I'm not sure I agree, Stephen (or rather I am not sure I share your interpretation of what Jeremy said). The difficulty is what we mean by "centrism". If a political party defines itself by reference purely to two other parties at either extreme, taking the "middle" position between the two, then one can call that centrism. But it is not the form of centrism that we should be aiming for. My liberalism (as I suspect is yours and Jeremy's) is, I would say, inherently centrist: equality of opportunity delivered through free market mechanisms with state intervention to the extent needed to achieve that end. But I don't think we achieve that sort of centrism by "splitting the difference" between the other two parties, who often look at things in the same way but from opposite ends. We have to view things from a different angle.

I hope that makes some sense…

by Nick Thornsby on February 17, 2014 at 7:29 pm. Reply #

You can slightly refine our position as the “Liberal Centre” – that then defines it in terms of an ideology rather than just something which moves depending on the other parties.

But what’s missing from all this is “Radical”. If we end up with a manifesto which is “continue the coalition” with a few bits thrown in (Mansion tax, scrapping a few welfare changes) then it will score very poorly on that front.

The danger is we draw up a manifesto with a view to agreeing a coalition – and leave out anything that is unlikely to be supported by the other parties. That leaves us with very little to negotiate with.

by Hywel on February 17, 2014 at 8:51 pm. Reply #

There is no economic liberal "right" in the party. You know that. There are a few who, for electoral purposes, sometimes pretend but zero real economic liberals. You are, without exception, social fascists.

by Neil Craig on February 18, 2014 at 3:03 am. Reply #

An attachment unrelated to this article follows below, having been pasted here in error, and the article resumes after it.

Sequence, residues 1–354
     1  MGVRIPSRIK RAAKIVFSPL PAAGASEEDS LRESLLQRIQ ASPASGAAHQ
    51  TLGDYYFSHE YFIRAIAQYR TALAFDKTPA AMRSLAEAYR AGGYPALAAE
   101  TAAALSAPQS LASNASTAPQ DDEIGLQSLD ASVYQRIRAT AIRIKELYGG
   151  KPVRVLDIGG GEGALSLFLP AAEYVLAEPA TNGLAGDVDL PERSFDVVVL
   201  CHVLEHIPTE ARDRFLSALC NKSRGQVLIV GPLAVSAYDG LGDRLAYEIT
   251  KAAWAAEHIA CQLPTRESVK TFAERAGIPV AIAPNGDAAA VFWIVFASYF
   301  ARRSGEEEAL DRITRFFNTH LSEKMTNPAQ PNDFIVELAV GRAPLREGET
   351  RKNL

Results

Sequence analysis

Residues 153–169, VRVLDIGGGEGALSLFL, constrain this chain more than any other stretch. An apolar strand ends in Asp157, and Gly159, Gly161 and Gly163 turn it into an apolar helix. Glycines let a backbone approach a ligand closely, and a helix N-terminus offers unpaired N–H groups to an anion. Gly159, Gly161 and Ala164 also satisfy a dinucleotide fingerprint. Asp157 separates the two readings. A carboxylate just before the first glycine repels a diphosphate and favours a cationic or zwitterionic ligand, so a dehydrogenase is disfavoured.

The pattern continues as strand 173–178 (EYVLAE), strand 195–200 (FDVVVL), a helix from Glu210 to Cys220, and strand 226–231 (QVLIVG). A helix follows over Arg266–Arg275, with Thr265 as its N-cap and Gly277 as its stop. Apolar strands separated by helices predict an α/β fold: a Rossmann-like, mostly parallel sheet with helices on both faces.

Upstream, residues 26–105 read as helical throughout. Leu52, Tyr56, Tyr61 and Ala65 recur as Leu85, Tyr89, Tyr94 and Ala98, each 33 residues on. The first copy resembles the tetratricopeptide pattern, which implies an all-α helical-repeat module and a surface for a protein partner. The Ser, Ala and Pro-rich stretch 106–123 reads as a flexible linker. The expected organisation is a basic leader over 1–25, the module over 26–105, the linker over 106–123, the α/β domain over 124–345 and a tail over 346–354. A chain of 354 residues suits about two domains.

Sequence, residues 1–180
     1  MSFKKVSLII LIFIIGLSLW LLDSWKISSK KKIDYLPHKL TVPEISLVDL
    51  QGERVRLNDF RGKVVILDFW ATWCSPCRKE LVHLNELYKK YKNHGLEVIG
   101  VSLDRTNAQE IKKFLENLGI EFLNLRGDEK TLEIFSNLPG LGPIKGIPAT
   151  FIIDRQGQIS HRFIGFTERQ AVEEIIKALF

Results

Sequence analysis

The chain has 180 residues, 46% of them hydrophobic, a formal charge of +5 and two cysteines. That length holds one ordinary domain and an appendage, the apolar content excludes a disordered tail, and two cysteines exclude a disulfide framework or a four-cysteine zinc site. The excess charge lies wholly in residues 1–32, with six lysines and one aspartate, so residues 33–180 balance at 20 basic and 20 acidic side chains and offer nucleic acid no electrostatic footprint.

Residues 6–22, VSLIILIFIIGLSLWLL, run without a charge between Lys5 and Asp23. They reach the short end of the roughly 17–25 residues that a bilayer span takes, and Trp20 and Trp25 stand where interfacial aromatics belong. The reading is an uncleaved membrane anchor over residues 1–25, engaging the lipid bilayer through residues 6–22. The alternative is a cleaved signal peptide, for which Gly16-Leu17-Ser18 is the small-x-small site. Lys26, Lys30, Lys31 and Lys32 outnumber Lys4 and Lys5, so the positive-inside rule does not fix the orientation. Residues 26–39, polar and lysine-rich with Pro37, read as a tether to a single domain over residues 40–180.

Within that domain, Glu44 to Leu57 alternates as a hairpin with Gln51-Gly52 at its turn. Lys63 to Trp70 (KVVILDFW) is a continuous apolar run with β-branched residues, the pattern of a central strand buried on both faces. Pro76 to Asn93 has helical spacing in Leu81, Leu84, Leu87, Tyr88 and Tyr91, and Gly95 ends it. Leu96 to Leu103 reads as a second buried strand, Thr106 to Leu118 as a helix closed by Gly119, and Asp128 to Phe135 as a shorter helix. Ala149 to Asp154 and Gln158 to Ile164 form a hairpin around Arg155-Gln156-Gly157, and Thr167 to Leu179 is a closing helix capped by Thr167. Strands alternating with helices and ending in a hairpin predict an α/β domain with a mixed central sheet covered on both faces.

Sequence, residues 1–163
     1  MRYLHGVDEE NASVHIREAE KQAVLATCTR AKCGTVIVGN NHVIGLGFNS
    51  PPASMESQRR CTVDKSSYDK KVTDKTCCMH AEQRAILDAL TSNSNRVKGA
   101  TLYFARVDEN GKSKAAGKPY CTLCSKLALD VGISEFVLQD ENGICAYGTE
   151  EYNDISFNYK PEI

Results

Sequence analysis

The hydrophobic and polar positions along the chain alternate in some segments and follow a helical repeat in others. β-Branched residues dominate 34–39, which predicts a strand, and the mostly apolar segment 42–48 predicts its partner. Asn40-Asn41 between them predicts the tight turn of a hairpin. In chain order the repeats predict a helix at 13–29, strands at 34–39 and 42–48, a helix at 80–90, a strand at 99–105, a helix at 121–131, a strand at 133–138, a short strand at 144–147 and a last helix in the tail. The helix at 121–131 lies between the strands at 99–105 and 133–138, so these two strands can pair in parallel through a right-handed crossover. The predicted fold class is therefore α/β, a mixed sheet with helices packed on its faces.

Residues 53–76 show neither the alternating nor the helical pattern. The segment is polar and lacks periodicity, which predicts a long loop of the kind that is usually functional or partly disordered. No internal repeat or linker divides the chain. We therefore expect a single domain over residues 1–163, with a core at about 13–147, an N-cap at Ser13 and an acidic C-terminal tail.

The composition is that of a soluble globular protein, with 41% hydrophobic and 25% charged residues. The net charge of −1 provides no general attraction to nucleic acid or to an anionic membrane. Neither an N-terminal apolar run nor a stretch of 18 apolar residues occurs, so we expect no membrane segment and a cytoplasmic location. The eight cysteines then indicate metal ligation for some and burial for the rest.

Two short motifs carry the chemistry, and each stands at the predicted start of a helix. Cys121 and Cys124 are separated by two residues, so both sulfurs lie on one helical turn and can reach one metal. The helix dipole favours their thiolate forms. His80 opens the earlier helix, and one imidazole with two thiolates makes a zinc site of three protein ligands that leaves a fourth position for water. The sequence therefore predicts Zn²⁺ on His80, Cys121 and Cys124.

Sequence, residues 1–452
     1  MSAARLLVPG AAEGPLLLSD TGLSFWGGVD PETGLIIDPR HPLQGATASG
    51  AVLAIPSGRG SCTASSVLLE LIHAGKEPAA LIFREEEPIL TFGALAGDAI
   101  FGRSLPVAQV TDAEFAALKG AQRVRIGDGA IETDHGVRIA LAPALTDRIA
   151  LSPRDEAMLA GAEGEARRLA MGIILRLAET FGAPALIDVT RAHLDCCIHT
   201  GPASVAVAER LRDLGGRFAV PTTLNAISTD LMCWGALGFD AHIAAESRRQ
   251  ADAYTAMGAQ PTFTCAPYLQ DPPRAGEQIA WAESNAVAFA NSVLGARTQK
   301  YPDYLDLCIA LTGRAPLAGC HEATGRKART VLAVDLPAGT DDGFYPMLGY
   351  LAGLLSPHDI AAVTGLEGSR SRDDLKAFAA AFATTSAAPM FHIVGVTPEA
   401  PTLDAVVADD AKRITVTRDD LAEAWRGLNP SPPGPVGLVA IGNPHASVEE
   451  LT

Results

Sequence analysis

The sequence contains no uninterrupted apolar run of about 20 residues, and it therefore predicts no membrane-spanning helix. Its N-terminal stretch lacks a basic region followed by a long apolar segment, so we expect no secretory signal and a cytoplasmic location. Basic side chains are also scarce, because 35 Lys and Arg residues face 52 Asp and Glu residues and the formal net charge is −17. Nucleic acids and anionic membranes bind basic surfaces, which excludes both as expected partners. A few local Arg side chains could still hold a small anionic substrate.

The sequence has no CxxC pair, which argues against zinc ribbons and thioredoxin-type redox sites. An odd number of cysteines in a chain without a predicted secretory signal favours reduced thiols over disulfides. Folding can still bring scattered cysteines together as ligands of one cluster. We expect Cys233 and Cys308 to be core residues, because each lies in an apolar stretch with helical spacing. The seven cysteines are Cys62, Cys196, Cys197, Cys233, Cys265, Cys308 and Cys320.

[…] Jeremy Browne achieves the impossible: unites Lib Dem left and right. But he’s wrong by Stephen Tall on Stephen Tall. We have no choice but to fight election from centre ground, says […]

by Top of the Blogs: The Lib Dem Golden Dozen #366 on February 23, 2014 at 7:00 pm. Reply #

Its not the centrism that bothers me but the fact is this: in any situation, if you put something along with a similar looking but slightly less attractive version of something in front of someone as well as something completely different to the other two, the majority of people will choose the first option.
The thing with Clegg's strategy is he is painting us as the more economic competent version of Labour but if you really want social justice, vote Labour. We are more socially just than Conservatives but if its economic competence you really want, vote Tory.
Clegg is making us look like the less attractive version of both the Tories and Labour which means we just push people towards those two parties.
The leadership have no grasp of human cognition and that will be its downfall.

by Nicola Prigg on February 24, 2014 at 3:14 pm. Reply #

[…] I’m not unsympathetic to this criticism. But it doesn’t alter the simple fact that the Lib Dems have no choice but to fight the 2015 election as a party of the centre. As I wrote last July: […]

by What Jeremy Browne did – and DIDN’T – tell The Times about the Lib Dems on April 12, 2014 at 8:05 am. Reply #